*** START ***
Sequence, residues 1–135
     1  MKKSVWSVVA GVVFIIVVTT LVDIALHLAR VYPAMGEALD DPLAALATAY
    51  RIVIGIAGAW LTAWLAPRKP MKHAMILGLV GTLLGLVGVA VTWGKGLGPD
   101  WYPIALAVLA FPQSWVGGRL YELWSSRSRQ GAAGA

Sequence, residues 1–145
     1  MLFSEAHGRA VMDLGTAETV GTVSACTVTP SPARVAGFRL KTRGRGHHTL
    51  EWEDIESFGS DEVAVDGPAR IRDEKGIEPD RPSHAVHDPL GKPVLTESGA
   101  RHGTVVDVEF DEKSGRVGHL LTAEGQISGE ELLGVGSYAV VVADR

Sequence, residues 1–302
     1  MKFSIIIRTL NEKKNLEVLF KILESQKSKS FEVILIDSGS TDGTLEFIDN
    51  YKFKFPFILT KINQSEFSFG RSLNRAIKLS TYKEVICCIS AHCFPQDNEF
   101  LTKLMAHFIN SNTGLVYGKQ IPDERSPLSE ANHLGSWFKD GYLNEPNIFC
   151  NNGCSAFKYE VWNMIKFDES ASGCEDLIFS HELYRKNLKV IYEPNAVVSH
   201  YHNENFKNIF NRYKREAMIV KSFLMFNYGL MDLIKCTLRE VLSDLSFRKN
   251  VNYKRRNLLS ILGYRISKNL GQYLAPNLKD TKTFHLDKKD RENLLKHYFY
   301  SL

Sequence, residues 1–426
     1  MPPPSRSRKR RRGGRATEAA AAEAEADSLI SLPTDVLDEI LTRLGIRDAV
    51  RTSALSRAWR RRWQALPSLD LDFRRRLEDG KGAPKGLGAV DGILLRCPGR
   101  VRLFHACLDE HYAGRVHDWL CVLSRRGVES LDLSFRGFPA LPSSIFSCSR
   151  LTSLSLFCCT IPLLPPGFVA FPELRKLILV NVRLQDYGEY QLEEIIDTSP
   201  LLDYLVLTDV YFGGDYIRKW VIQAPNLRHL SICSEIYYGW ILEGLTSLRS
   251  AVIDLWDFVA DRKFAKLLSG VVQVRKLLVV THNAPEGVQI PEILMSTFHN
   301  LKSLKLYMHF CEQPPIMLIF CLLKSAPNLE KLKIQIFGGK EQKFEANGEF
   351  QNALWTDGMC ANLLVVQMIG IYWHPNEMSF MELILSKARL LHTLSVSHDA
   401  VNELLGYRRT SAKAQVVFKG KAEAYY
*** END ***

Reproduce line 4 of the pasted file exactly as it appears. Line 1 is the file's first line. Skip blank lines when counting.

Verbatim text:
   101  WYPIALAVLA FPQSWVGGRL YELWSSRSRQ GAAGA